fresh no ads
These four walls |


These four walls

EXISTENTIAL BLABBER - Kara Ortiga - The Philippine Star
These four walls

The Geriatric Female Pavilion of the National Center for Mental Health. Photos by Nicola Longobardi


There is a common statement often dropped whenever somebody mentions that he/she is from Mandaluyong — a city within Manila. The usual question is, “Saan banda d’un, sa loob o sa labas? (Where in Mandaluyong, inside or outside?)” The jest, evidently insensitive, is meant to joke about whether the person in Mandaluyong lives sa loob — inside Mental Hospital, or sa labas — outside Mental Hospital, which is located in the city.

The National Center for Mental Health, the biggest hospital that treats patients with mental illnesses in the Philippines, has remained in Mandaluyong for many years. It was established in 1928 and has since has gone through a number of different name changes. But this year, the establishment becomes more important than ever.

The Philippine Mental Health Bill (Senate Bill No. 1345) was finally approved in May 2017, a milestone for the country, as we were one of the few remaining countries in the world without one. The bill seeks to integrate mental health services at the community level, as well as psychiatric, psychosocial, and neurologic services in all regional, provincial, and tertiary hospitals.

When the World Health Organization did an assessment of the mental health system in the Philippines back in 2007, the report already made some crucial points. At that time, only five percent of the total health budget was allotted to mental health, and these were mostly spent on the operation and maintenance of mental hospitals.





It was also reported: the occupancy rate of the existing 46 outpatient facilities nationwide had already reached 92 percent; and that it was common for patients to be involuntarily admitted, secluded, and restrained. Other parts of the report stated, “Public education and advocacy campaigns are overseen by the DOH and coordinated in the regional offices. Private sector organizations do their share in increasing awareness on the importance of mental health, but they utilize different structures. There are mental health links with other relevant sectors, but there is no legislative or financial support for people with mental disorders.”

The glaring fact was that if you had some money and were struggling with mental illness, you could afford to treat yourself in a private hospital, in discretion.  But if you didn’t have the resources, they would toss you into the mental hospital, to separate you from society. Without the adequate research, and the right amount of training to treat people with mental illnesses — for a large amount of time until today, these people were merely shunned.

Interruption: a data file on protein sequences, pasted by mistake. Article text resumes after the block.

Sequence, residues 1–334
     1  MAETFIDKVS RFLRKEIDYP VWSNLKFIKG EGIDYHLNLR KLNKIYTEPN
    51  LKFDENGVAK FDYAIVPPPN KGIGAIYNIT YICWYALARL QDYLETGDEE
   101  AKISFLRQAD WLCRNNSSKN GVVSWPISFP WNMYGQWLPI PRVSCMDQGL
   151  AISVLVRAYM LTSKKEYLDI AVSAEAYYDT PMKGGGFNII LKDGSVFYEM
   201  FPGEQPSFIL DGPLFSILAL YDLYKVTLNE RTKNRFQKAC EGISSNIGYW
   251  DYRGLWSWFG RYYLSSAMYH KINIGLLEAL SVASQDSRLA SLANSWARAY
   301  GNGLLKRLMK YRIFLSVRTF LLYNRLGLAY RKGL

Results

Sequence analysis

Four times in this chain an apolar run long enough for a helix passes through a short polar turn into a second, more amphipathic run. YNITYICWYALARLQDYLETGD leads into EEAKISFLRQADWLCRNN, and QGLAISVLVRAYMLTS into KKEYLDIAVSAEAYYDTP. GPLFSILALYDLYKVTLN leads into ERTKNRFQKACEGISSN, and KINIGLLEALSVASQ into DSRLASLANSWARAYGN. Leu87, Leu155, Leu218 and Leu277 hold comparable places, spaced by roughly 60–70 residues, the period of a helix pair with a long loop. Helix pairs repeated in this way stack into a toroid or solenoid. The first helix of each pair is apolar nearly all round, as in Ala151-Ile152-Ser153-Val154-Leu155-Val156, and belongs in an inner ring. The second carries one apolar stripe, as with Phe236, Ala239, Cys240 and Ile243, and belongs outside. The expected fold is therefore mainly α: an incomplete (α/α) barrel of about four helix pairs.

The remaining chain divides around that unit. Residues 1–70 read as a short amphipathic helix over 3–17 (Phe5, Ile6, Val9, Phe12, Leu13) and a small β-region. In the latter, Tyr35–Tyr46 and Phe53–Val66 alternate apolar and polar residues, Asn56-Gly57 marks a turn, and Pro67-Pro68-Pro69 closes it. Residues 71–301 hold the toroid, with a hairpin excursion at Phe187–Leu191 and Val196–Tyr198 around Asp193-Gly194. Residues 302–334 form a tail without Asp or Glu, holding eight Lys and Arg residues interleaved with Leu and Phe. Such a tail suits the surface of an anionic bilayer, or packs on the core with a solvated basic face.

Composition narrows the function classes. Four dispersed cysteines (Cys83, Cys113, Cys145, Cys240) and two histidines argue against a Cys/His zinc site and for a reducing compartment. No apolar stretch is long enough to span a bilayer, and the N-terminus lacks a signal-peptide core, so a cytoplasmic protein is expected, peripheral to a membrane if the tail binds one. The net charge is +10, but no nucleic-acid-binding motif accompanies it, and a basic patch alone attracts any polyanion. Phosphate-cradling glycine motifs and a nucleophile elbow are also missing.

Inside the National Center of Mental Health, the roads are serene. It’s nothing like the scary tales of darkness and delusion, but the truth is that images of the wards can be quite haunting. The patients are clearly dealing with troubles; they are fighting for their lives. The nurses and the staff of the hospital care for them, but the facilities are lacking: there are only enough beds for the increasing number of patients. When they become aggressive, the nurses, who decide for themselves, seclude them in rooms behind bars. Here, patients struggle with depression, bipolar disorder, and schizophrenia; sometimes, their experiences are not without violence. 

Yet, the problem does not lie here, inside the mental hospital, which already struggles to work within its means. The problem is not with its devoted workers who care for the patients.

No, the problem is outside, in the streets, with the people who realized only now that mental health is an illness, not a curse. The problem is we’re uneducated. The problem is we can’t shake off the stigma, the ridiculous fear that runs among us. The problem is the system that failed to care for them for so long. To be honest, the problem is not sa loob, where it seems that they make do by helping each other; the problem is sa labas. Outside. We are the problem. And those who remain in the dark will continue to suffer, unless we release ourselves from the shackles of ignorance and fear.

vuukle comment
Are you sure you want to log out?
Login is one of the most vibrant, opinionated, discerning communities of readers on cyberspace. With your meaningful insights, help shape the stories that can shape the country. Sign up now!

Get Updated:

Signup for the News Round now

or sign in with